Backing the rig into the yard was nearly impossible (the rear window of the Landcruiser was so high than you couldn’t see the trailer) and as soon as I’d finalised hire of the 4WD and trailer, it started to rain. The trailer winch had the disconcerting habit of slipping, and manually winching a car up a slope and onto a trailer takes lots of sustained effort!
The trip home was short but then the next question was: how do I get the cars off the trailer? Rather than place the cars in their final locations, I decided to park the trailer on a slope and let them roll off under gravity, the winch (and chocks) being used to slow the descent. If the trailer had been level, I think it would have taken three or four people to get the Austins off: none of the wheels turned easily.
The second car was a repeat of the first, and then I rushed the Landcruiser and trailer back to the hire place. The early return dropped the hire amount to $180 plus $30 of fuel.
By that stage it was too late in the day to collect all the parts that came with the cars, so I agreed to return to the seller the next day.
By the time I got back to the seller the next day, he’d been busy. Sorted-out on the shed floor was a large number of parts to suit the Austins. As I loaded them individually into my car, I asked the seller about each part. Mostly I asked in genuine ignorance: what is this?!
There were literally hundreds of bits, ranging from obvious (taillights) to obscure (throttle bracket), from decrepit (a clutch master cylinder) to brand new (two CV joints).
When I got all the parts home, I decided to construct a spreadsheet with every part listed, together with its condition. That way, by looking at the spreadsheet list and then examining the cars, I’d know what parts I’d need to source. For example, nowhere in the parts list were window winders, and neither of the two purchased cars had a pair of window winders – so add ‘window winders’ to the list of bits to find.
In addition to the parts, I also got from the seller lots of workshop manuals, a parts manual and a stack of copies of old newsletters from the Landcrab Club of Australia.
The seller had told me that the red car had been running 10 years ago – but with a smoky engine. The blue car he’d never heard run, but he’d been told it had a rebuilt engine.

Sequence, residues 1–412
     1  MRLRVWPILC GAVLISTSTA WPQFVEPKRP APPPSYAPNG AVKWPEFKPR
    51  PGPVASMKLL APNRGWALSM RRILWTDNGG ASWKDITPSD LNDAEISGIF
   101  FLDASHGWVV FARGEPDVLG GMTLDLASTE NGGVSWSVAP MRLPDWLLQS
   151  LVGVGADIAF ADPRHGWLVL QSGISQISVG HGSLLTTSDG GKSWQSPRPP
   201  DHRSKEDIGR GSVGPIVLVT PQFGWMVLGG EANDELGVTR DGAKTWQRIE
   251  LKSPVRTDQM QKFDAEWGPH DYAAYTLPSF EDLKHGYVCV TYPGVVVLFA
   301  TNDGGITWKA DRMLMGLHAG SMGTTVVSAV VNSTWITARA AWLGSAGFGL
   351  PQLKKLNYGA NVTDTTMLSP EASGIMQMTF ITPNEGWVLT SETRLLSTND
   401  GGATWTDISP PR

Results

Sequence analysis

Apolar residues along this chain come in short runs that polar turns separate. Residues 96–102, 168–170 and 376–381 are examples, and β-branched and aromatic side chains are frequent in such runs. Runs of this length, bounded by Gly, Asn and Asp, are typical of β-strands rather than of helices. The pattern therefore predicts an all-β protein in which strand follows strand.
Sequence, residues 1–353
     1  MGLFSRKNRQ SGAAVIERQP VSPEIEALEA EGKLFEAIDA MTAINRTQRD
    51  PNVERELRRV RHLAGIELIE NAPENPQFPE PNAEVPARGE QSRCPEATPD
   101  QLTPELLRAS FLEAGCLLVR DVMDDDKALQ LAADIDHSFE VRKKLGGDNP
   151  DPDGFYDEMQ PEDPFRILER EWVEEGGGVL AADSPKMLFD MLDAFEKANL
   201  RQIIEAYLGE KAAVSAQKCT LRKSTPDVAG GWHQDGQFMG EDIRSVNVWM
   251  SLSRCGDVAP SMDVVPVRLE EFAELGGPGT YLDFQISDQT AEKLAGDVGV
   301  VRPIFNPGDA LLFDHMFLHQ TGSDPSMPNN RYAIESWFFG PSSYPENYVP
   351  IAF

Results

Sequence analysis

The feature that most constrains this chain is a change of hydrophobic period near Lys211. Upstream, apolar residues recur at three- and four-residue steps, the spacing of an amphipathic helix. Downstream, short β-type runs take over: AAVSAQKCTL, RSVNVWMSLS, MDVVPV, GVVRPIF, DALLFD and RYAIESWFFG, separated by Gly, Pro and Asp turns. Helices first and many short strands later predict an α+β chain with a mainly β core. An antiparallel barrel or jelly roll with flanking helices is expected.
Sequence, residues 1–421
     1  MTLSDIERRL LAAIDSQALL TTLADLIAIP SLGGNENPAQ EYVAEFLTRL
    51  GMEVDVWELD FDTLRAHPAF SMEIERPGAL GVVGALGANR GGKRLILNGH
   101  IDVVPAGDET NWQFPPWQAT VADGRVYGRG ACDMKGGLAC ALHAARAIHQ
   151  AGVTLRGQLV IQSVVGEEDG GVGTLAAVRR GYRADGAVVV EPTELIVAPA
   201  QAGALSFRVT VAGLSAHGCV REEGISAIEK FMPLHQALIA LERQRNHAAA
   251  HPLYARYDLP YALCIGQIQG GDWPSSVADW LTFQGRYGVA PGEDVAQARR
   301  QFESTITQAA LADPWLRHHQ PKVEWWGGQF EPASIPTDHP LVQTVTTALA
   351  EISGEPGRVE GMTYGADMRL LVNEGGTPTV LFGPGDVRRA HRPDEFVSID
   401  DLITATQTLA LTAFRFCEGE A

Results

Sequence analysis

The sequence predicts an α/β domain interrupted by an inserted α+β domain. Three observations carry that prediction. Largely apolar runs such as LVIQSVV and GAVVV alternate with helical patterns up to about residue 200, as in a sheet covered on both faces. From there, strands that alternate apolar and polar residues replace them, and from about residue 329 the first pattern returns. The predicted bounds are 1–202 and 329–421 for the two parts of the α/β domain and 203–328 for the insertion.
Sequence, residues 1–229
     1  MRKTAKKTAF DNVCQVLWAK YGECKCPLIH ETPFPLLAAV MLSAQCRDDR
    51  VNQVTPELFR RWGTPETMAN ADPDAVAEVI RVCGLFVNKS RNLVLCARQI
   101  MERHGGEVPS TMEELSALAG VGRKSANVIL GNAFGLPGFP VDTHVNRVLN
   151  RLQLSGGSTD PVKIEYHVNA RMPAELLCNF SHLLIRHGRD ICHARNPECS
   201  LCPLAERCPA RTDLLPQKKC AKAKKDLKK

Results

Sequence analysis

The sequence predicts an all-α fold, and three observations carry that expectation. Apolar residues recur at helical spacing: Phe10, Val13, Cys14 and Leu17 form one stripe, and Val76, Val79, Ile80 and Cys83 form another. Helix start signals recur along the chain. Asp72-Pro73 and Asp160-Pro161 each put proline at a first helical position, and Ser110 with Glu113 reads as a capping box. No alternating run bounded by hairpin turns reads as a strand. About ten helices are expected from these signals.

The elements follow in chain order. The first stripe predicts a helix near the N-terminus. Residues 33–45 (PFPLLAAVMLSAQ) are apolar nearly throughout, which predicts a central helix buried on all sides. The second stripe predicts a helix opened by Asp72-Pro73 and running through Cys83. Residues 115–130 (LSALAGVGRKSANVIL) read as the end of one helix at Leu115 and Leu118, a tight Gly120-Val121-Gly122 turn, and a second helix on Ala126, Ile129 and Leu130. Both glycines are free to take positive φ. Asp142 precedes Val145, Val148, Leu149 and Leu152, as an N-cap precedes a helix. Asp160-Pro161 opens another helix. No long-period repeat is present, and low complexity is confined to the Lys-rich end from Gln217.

I considered briefly trying to get both engines started then decided against it. One of the club newsletters made the point that the bearings in these engines could be etched by acidic oil, and that this was quite likely to have occurred if the car hadn’t run for a long time.
I wanted the (single) restored car to be reliable and long-lasting – so that pretty well required an engine rebuild, no matter which engine was picked.
That decision meant I was free to start stripping the better of the two cars – and further inspection showed that to definitely be the blue one. Off came the lights, the towbar (a cracked factory one – the red ute had a stronger but uglier aftermarket design), the front and rear bumpers and the radiator.
At this stage I was working outside: my new home workshop was yet to be built.
I then turned to the interior, taking out the battered bench seat (and finding $3.95 in coins at the same time), removing the dash and stripping-out the interior trim. At each stage I was looking for rust – would there be great big holes behind this trim panel, or pinholes, surface rust or pristine paintwork? Incredibly, in nearly all areas there was just lots of red dust – and good paint.
However, looking through the inspection openings in the huge sill panels showed that there was some flaking rust within the sills – the exterior panels were not perforated, so perhaps it had not penetrated far.
And, at the base of the rear window, there also looked to be some rust. I took out the rear window (happy to cut the hard rubber seal because I knew that replacements are readily available – the rubber profile looks the same as the windscreen) and found that there was indeed some rust in this panel – but again it hadn’t resulted in holes. (This was actually an odd place for rust to form – perhaps condensation had been running down the rear glass during the decade of shed storage?)
So things were looking good – no unpleasant surprises but still without any doubt, a lot of work in every single area of the car.
In Part 3: removing the mechanicals